- Some scenarios for the origin of the Earth-Moon planetary pairing suggest that a somewhat larger "Earth 1" was hit by Theia, another, Mars-sized planetary body. This impact tore off a huge section of its surface, leaving behind our present "Earth 2". The dislodged debris settled into orbit as a ring, then gradually congealed into the Moon over millions of years.
- Models show that a few billion years from now, Mars is all but confirmed to pass too close for comfort from Earth note , with a small chance of frontal impact. note
- Gamma ray bursts.
- Only if it happens really close to the planet, like in the same solar system or a few light years away. A more likely scenario for a gamma ray burst-based apocalypse would be "merely" having the side of the planet facing the blast completely sterilised while the other side burns as the atmosphere catches fire.
- The distance for mass extinction (this one would dwarf anything Earth has seen before) would be about 1,000 parsecs. The distance for "Farewell, atmosphere." would be 500 parsecs. A parsec being about 3.26 light-years. GR Bs emit obscene amounts of energy, ejecting matter from the star at 99.995% the speed of light. Still, there'd still be a planet. Granted, there would never be life on it again...
- Only if it happens really close to the planet, like in the same solar system or a few light years away. A more likely scenario for a gamma ray burst-based apocalypse would be "merely" having the side of the planet facing the blast completely sterilised while the other side burns as the atmosphere catches fire.
- Any kind of interstellar space drive can easily be used as a planet killer. A slower-than-light relativistic starship doubles as a relativistic kinetic kill weapon, releasing awesome energies on collision with a planet, leading to at least a Class 5 and possibly a Class X. The speculative Alcubierre, Cleaver-Obousy, and White warp drives are shown to release monstrous showers of radiation on arrival. If any of these will ever be built, no one's giving such power to some space opera trader, smuggler or another private space dog, of course.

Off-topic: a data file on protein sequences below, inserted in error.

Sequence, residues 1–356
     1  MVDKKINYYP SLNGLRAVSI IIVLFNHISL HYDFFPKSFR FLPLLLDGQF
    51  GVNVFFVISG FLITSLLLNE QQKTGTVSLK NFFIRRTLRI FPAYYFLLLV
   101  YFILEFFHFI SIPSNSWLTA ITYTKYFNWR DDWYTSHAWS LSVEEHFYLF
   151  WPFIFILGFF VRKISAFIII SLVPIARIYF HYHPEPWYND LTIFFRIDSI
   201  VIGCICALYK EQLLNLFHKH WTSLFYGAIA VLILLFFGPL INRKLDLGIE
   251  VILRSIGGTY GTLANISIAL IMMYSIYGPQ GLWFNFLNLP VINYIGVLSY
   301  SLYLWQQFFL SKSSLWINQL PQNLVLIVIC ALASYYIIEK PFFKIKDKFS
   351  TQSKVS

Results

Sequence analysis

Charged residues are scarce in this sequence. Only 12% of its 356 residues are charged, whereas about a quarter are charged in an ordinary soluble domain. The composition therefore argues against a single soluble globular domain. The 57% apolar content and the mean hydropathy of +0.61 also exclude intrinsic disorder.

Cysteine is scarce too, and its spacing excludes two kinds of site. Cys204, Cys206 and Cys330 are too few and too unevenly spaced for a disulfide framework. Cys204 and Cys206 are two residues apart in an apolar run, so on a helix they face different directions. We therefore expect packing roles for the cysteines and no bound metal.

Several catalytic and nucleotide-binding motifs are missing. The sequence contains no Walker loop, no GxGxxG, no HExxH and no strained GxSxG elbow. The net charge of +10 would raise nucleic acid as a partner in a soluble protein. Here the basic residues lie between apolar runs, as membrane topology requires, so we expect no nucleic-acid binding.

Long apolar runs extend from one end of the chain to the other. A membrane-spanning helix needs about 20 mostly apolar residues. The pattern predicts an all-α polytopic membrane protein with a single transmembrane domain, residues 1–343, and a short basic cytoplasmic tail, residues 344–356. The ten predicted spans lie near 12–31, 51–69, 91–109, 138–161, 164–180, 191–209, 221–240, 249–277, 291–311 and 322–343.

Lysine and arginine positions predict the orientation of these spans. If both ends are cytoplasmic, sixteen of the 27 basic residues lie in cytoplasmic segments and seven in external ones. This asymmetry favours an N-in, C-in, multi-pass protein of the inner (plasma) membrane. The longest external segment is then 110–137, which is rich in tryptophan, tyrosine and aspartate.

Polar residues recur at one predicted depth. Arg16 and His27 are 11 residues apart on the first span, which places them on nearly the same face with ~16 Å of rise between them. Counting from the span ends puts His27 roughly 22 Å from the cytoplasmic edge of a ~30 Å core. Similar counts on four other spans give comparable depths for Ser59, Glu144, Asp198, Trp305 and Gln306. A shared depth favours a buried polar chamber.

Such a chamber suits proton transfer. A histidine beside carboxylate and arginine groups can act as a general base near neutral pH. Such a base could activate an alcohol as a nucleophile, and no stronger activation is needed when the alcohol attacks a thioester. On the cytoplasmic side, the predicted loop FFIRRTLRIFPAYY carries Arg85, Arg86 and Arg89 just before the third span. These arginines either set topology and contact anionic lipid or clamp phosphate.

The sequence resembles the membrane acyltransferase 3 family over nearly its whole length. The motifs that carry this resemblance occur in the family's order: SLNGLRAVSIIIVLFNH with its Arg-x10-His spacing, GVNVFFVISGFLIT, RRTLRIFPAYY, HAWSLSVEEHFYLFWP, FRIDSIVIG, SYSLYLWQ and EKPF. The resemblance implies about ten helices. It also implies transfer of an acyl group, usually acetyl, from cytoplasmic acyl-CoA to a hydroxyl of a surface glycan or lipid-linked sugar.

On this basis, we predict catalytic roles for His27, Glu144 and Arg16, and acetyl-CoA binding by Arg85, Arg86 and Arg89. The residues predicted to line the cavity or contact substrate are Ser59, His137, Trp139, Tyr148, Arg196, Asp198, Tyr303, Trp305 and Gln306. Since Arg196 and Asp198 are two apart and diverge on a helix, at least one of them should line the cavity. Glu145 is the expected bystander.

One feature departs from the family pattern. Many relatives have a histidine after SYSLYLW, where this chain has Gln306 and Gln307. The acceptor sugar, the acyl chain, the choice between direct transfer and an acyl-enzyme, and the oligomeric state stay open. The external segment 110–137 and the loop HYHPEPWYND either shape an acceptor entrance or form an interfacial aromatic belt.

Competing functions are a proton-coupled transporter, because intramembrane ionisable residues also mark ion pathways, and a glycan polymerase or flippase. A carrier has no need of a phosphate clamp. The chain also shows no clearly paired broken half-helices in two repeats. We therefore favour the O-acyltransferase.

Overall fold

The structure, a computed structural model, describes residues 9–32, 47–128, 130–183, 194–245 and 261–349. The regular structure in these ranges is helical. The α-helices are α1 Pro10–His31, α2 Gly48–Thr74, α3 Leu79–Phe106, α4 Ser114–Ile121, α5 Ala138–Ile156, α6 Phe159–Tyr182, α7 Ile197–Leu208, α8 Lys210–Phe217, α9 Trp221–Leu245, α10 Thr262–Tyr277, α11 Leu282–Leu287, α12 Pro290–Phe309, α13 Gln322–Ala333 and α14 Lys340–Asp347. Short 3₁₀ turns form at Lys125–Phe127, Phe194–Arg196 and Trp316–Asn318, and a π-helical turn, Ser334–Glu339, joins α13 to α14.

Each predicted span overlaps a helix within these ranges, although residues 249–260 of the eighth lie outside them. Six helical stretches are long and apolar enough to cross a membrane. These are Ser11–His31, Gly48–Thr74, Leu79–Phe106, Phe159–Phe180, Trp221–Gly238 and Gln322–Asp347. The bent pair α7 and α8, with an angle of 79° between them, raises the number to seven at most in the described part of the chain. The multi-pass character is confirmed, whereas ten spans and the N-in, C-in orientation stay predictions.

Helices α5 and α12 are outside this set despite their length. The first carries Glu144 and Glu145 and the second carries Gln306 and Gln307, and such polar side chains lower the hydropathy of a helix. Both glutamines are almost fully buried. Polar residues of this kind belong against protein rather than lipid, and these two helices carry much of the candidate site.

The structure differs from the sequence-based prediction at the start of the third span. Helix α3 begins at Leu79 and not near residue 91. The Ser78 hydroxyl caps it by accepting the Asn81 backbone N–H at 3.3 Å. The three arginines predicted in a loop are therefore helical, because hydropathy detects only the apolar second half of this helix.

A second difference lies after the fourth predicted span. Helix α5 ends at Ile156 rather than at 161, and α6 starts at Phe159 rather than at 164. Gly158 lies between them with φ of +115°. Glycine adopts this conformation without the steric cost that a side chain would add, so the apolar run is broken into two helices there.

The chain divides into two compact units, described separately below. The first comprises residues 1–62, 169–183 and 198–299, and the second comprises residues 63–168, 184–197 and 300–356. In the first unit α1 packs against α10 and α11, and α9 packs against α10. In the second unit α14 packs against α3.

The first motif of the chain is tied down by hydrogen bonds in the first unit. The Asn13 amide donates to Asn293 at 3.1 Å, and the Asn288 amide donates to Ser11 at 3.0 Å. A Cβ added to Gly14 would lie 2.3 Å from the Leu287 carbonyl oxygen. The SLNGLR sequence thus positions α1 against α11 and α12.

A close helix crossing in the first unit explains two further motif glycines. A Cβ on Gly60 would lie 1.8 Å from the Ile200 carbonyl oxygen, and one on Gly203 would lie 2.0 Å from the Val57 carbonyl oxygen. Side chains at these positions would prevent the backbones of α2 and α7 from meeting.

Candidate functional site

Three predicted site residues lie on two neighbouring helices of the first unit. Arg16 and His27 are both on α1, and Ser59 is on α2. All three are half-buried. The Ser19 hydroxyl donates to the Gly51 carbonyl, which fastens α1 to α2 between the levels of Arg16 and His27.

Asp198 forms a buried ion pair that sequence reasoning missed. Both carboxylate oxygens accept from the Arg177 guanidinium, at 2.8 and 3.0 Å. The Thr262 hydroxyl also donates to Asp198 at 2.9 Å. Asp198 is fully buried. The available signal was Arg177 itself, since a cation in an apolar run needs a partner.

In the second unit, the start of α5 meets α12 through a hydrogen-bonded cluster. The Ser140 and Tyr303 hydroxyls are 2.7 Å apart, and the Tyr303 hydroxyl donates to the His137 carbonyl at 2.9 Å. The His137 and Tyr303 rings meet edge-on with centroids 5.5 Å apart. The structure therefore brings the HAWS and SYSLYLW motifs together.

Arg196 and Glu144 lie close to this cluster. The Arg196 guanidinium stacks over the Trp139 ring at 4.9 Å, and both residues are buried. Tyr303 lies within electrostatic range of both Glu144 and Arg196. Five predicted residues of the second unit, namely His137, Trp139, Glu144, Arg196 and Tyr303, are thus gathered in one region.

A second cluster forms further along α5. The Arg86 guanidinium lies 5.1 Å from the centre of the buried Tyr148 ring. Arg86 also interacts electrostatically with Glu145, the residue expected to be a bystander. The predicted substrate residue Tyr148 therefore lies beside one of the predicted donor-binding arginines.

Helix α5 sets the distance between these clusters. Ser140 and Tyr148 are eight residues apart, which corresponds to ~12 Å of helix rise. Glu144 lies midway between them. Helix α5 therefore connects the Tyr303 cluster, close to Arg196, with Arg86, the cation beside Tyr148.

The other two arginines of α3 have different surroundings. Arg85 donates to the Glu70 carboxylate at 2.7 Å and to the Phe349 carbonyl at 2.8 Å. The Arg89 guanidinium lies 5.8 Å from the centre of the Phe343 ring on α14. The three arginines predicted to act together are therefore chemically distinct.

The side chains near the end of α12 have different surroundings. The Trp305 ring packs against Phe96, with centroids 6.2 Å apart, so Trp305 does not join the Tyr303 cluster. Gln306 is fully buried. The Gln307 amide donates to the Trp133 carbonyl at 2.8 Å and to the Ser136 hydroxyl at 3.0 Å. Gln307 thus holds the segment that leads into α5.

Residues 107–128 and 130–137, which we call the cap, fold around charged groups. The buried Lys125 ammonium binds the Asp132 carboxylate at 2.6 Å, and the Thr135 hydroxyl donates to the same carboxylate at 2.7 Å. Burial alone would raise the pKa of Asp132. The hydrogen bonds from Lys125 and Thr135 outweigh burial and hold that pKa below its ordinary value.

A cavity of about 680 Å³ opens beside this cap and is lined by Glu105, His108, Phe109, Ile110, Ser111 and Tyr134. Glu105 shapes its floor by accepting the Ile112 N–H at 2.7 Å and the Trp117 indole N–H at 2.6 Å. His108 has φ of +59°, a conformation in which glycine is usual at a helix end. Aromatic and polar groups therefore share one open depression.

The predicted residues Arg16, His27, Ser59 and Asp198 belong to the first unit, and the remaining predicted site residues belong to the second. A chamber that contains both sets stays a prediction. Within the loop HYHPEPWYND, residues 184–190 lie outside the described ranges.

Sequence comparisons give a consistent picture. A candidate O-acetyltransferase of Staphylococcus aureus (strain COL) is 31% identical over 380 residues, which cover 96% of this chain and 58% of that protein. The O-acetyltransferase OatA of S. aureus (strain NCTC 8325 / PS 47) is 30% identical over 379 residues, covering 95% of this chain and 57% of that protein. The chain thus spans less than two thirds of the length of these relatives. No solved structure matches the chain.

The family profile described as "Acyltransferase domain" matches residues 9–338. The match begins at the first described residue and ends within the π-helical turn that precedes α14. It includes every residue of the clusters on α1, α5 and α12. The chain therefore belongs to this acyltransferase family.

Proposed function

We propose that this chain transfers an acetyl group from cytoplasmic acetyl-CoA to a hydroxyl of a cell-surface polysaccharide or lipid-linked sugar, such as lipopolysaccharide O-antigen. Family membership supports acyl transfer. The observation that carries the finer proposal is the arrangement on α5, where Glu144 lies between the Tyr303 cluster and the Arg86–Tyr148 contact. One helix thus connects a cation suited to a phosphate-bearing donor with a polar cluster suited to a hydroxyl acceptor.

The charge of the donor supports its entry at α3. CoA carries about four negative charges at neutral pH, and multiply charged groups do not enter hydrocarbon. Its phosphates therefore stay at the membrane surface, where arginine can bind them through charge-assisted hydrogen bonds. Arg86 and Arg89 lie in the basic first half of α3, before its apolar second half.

- Older theories for the formation of the asteroid belt put forward the idea that it was all that was left after a planet that occupied that orbit broke up. Of course, as science marched on, it's now seen as more likely that the asteroids are simply remains of the solar accretion disc that didn't get a chance to form a planet in the first place.
- This is likely to be the fate of the Earth in 5-6 billion years when the sun becomes a Red Giant. The outer layers of the sun will swell up to engulf Mercury, Venus, and Earth, thus disintegrating the planet. Though there is some chance that the Earth's orbit will have moved far enough outward by then (due to the sun gradually losing mass) to escape this fate, "just" becoming a burnt-out cinder instead and maybe stripped down to its core. At the moment, though, equations suggest that Earth probably won't make it.
- Two moons in the solar system, Phobos (orbiting Mars) and Triton (orbiting Neptune) have orbits which are slowly decaying over time. Eventually — millions or billions of years in the future — they will either fall out of orbit and smash into their parent planets, or shatter into trillions of fragments and form ring systems.
- Two worlds orbiting very close to their stars are currently experimenting that fate, as discovered with help of the Kepler space telescope: EPIC 201637175, also known as K2-22b, and EPIC 201563164, also known as WD 1145+017. The latter is of special interest since we're witnessing what remains of a terrestrial planet being ripped apart by the final remnant of stars similar to the Sun in mass and this could be the fate that awaits to the Earth, assuming it survived the Sun's red giant phasenote